For almost a decade, the term Industry 4.0 has been serving as a vision of a digital, highly efficient future in manufacturing. Yet, when we speak with Danish manufacturers, we often hear that they doubt they have even mastered Industry 3.0. Sure, they have investigated some digital technologies, even adopted a few – but are far from really transforming their business digitally. And this is not a Danish phenomenon. In 2020, Boston Consulting Group showed how only 30% of global companies are succeeding in translating the promise of Industry 4.0 into something more tangible.
Why? Because digital projects do not fly. One of the main reasons that hold digitalization back, is that companies often find it hard to see “fat enough” business opportunities behind the application of these digital technologies. Looking back at the many years that our research team had spent investigating applications of digital technologies and quantifying business opportunities, we started looking for the elephant in the room.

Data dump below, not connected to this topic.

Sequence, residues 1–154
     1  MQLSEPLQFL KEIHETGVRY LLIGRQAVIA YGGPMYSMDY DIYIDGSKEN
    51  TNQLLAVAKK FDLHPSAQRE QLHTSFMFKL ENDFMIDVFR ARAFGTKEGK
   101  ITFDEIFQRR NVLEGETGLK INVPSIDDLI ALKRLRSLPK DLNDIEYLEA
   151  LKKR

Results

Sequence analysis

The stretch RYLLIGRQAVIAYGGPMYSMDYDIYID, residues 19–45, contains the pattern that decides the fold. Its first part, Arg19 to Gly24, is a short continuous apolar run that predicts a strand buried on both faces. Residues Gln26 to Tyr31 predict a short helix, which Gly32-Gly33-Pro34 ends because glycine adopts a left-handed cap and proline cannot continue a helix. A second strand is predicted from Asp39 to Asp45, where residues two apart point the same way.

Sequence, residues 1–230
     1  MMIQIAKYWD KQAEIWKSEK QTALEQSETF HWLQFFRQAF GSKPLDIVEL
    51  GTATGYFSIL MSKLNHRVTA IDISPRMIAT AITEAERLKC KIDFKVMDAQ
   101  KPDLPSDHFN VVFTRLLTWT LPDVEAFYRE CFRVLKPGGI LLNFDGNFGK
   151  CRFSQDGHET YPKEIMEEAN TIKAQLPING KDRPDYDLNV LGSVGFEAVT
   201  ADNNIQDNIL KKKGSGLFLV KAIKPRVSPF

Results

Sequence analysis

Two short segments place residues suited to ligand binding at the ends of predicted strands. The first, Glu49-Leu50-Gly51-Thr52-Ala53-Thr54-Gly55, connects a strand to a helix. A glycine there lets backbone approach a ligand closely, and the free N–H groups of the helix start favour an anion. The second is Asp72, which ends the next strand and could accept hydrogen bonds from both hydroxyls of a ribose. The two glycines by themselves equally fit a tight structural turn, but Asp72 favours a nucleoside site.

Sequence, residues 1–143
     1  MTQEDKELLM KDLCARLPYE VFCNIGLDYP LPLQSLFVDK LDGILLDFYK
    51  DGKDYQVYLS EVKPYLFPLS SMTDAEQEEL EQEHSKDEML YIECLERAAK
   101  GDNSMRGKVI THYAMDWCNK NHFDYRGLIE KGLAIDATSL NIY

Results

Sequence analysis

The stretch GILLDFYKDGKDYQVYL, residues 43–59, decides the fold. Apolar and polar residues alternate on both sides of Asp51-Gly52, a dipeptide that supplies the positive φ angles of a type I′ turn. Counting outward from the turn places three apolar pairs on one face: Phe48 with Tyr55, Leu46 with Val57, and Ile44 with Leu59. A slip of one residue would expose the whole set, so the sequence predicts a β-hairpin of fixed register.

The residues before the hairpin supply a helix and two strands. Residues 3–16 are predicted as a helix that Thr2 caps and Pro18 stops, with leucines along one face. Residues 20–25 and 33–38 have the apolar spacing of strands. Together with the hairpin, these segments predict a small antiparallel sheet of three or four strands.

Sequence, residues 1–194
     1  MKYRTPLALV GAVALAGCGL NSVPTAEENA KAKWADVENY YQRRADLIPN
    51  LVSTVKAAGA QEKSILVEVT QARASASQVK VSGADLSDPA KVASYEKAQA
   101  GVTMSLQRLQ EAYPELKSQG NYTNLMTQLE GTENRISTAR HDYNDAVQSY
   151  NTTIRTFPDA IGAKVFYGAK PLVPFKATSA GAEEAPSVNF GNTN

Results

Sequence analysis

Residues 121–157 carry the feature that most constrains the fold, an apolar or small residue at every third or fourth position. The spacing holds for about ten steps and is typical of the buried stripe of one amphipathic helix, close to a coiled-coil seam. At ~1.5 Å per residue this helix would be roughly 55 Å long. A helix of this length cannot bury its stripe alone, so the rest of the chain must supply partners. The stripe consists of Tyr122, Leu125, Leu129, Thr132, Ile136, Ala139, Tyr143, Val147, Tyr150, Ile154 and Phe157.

Instead of an elephant, we found flies. Many manufacturers only find small potentials in digital technologies, because they are using them to address small problems.
Manufacturers tend to look into digital technologies to solve their everyday issues. They focus on one problem – either due to its relevance or because it is easy enough to be fixed using something new” – and they find the “new” technology to solve it. Or, vice versa, they find a new technology they may be interested in, and they find a problem that can be solved with it.
While such a problem-solving orientation is a great strategy to achieve operational excellence, it has its drawbacks when it comes to radical technical innovations. Here, the value of the business opportunity is more than the mere return on investment from problem solving.
The value of learnings across time and space